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The role of collagen in determining bone mechanical properties

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Author: Wang, X. · Bank, R.A. · teKoppele, J.M. · Mauli Agrawal, C.
Type:article
Date:2001
Institution: Gaubius Instituut
Source:Journal of Orthopaedic Research, 6, 19, 1021-1026
Identifier: 236399
doi: doi:10.1016/S0736-0266(01)00047-X
Keywords: Biology · Biomedical Research · Bending (forming) · Biomechanics · Bone · Elastic moduli · Selective digestion technique · Orthopedics · Mineral · Biomechanics · Bone density · Cadaver · Clinical article · Controlled study · Denaturation · Heating · Human tissue · Hypothesis · Statistical analysis · Temperature · Biomechanics · Bone and Bones · Collagen · Fractures, Bone · Humans · Protein Denaturation · Temperature

Abstract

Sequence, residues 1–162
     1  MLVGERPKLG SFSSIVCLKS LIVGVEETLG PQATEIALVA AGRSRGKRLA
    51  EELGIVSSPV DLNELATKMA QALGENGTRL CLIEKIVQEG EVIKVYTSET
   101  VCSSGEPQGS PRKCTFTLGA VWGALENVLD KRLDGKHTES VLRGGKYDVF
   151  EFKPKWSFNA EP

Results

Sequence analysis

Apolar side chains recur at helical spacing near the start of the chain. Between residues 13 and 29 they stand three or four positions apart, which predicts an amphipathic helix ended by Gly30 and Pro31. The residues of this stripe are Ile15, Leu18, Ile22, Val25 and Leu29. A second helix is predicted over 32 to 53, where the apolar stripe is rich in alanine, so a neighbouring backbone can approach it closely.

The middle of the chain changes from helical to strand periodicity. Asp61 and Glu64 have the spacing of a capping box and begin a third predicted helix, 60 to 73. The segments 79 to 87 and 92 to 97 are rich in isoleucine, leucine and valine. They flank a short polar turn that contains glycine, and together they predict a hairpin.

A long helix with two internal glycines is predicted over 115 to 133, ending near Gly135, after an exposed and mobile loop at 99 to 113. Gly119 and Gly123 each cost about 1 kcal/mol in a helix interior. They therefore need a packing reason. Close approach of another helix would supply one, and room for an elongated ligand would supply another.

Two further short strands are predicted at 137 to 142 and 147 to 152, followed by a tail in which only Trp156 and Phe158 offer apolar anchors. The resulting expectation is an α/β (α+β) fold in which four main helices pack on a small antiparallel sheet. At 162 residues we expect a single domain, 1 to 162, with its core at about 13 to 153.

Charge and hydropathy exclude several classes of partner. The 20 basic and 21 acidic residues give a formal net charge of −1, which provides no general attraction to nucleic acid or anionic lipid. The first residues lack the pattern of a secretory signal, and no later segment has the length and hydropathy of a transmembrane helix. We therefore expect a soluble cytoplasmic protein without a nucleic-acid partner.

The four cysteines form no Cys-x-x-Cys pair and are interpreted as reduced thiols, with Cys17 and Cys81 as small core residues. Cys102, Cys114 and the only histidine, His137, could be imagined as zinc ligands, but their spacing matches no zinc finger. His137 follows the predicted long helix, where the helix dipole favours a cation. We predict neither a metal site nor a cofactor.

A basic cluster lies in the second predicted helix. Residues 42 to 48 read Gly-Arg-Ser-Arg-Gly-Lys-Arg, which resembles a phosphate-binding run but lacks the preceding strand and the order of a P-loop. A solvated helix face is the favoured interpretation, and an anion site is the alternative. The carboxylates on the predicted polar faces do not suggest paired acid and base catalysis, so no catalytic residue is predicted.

The hypothesis of this study was that collagen denaturation would lead to a significant decrease in the toughness of bone, but has little effect on the stiffness of bone. Using a heating model, effects of collagen denaturation on the biomechanical properties of human cadaveric bone were examined. Prior to testing, bone specimens were heat treated at varied temperatures (37-200°C) to induce different degrees of collagen denaturation. Collagen denaturation and mechanical properties of bone were determined using a selective digestion technique and three-point bending tests, respectively. The densities and weight fractions of the mineral and organic phases in bone also were determined. A repeated measures analysis of variance showed that heating had a significant effect on the biomechanical integrity of bone, corresponding to the degree of collagen denaturation. The results of this study indicate that the toughness and strength of bone decreases significantly with increasing collagen denaturation, whereas the elastic modulus of bone is almost constant irrespective of collagen denaturation. These results suggest that the collagen network plays an important role in the toughness of bone, but has little effect on the stiffness of bone, thereby supporting the hypothesis of this study. © 2001 Orthopaedic Research Society. Published by Elsevier Science Ltd. All rights reserved. Chemicals/CAS: Collagen, 9007-34-5